With the invent of clever technology such as the Britain’s magic seats, operators do not even have to worry of having their revenues chopped off by the provision of wheelchair-friendly seats. Plus, the standardization of seat belts make safe journeys for everyone as well! SPAD should state the blueprint, (yet-to-be-set-up) local transit authorities should enforce the implementation, and the current operators should make necessary modifications to meet the enforced standards.
The improvements seen at the RapidKL Depot on Saturday even exceed the specifications used by developed nations with established guidelines and legislation for the provision of disable-friendly facilities. We hope that not only our OKU friends, but our golden age neighbours and friends will benefit from the service soon.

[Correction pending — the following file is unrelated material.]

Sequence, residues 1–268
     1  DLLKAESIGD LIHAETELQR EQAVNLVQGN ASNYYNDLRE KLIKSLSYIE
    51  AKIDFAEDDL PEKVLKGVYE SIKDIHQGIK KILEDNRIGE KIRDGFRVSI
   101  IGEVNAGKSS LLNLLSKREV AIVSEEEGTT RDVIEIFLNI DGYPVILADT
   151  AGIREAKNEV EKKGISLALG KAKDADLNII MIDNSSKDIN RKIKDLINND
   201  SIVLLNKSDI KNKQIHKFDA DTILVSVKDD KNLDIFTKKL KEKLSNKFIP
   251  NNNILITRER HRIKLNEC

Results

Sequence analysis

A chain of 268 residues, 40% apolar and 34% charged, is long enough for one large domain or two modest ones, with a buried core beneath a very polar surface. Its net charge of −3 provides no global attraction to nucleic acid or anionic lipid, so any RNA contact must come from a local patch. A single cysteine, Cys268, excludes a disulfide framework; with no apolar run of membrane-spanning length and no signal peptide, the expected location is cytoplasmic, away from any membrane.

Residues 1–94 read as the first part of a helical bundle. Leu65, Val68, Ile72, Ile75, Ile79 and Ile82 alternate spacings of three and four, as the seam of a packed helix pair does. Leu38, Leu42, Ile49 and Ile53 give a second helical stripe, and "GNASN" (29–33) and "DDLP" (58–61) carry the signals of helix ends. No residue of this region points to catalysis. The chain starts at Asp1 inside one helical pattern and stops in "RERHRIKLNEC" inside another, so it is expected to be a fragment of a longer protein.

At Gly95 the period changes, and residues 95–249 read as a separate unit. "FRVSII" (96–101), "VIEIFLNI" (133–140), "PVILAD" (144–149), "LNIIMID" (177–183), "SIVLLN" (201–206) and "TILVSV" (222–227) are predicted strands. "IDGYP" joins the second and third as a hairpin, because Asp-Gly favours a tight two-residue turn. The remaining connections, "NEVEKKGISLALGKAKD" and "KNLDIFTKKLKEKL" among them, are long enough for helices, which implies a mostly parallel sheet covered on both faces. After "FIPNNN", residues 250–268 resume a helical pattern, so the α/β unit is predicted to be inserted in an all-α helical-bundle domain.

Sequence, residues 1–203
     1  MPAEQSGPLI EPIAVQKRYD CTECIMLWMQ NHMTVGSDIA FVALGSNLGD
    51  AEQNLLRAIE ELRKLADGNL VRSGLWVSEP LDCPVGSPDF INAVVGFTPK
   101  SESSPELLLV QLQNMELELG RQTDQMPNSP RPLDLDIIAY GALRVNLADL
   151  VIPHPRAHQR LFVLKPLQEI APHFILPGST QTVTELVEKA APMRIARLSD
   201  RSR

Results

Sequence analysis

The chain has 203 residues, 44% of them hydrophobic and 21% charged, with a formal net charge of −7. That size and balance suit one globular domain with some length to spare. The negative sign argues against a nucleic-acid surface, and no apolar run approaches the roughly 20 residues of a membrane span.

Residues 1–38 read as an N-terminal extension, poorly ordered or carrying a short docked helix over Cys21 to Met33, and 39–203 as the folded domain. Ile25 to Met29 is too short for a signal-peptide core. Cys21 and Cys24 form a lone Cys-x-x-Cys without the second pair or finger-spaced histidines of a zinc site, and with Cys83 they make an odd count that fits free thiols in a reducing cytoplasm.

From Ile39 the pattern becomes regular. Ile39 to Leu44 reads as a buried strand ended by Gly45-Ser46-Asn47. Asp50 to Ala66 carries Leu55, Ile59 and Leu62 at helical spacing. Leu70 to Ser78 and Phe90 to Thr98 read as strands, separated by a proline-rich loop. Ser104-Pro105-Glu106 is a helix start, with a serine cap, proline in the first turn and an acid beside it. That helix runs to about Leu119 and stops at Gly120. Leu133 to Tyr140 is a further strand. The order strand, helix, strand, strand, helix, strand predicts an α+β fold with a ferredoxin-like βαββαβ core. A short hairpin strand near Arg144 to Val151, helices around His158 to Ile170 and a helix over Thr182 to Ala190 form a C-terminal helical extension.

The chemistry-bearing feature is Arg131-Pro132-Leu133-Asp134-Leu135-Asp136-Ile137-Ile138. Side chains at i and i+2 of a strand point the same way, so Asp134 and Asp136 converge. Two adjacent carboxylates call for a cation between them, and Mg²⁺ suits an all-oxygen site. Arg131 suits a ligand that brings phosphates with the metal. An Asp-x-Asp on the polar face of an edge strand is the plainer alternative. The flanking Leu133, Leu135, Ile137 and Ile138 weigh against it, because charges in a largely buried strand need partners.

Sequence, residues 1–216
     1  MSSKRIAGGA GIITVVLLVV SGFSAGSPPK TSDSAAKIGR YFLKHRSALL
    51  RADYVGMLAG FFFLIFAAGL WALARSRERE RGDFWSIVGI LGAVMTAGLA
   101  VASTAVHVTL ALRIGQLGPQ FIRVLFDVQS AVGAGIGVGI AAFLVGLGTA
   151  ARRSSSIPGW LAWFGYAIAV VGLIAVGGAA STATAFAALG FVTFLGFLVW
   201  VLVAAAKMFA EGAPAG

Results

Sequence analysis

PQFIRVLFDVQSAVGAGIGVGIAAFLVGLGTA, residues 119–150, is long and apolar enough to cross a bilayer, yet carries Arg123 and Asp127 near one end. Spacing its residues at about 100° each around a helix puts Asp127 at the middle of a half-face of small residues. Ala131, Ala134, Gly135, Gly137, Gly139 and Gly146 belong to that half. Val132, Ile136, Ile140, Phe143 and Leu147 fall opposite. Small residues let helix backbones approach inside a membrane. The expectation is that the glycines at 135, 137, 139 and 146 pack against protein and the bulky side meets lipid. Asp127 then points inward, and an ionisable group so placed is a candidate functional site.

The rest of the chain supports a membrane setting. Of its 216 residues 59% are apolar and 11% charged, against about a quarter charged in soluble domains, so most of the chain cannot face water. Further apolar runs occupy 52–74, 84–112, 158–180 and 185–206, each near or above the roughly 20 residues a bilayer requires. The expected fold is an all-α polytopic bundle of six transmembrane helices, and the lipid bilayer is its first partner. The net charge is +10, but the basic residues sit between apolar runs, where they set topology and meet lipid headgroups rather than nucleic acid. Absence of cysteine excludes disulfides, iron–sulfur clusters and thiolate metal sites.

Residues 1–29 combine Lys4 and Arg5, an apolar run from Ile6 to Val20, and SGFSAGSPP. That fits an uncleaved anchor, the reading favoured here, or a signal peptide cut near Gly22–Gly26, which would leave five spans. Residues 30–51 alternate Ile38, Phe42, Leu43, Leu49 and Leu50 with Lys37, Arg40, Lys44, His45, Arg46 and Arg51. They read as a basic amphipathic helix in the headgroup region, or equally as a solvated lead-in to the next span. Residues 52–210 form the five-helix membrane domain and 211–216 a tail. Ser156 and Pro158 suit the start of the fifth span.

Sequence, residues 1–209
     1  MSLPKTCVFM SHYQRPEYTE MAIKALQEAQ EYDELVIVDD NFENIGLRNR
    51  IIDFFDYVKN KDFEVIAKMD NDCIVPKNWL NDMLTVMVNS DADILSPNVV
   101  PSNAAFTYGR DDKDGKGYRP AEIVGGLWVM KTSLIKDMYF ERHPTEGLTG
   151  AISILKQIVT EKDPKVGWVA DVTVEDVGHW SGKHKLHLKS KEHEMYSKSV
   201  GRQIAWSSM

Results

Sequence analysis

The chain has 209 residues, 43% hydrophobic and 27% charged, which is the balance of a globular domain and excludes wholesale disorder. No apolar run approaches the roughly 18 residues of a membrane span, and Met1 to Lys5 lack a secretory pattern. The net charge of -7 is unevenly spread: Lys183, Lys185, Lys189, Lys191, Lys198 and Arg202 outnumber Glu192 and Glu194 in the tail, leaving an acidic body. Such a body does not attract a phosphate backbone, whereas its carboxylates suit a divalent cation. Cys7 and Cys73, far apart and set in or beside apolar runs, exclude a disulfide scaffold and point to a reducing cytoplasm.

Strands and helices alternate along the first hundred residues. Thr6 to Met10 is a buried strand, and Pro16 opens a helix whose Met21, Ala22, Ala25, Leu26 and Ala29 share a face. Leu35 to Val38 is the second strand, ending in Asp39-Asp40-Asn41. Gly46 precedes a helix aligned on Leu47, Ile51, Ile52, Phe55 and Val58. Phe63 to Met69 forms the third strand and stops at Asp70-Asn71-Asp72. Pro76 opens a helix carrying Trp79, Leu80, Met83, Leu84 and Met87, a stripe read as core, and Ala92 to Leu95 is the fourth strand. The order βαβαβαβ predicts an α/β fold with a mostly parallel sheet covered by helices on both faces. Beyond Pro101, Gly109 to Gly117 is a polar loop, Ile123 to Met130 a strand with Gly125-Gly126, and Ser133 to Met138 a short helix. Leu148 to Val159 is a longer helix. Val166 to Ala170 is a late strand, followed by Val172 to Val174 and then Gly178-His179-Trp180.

We also hope that SPAD will push for provision of local transit authorities, which will yield greater power to enforce transit sidewalks, facilities and platforms that are friendlier to the physically-challenged.
The representatives from the OKU associations are generally pleased with the improvements. The bus manufacturer representative acknowledges that amendments based on user inputs at the early stage will not cause the cost to stray from that of the original bus design. This shows that RapidKL has learned its lessons well: engagement and consultation rarely fail.
Of course we would like to see other consideration as to why RapidKL chose Scania instead of other bus manufaturers, such as the Mercedes OC500LE or MAN NL or Volvo B7RLE , but then at least the process of choosing the Scania K230UB is a vast improvement over RapidKL’s previous choices of the poorly-performing China-made buses.
Hats off to Prasarana and RapidKL for their efforts!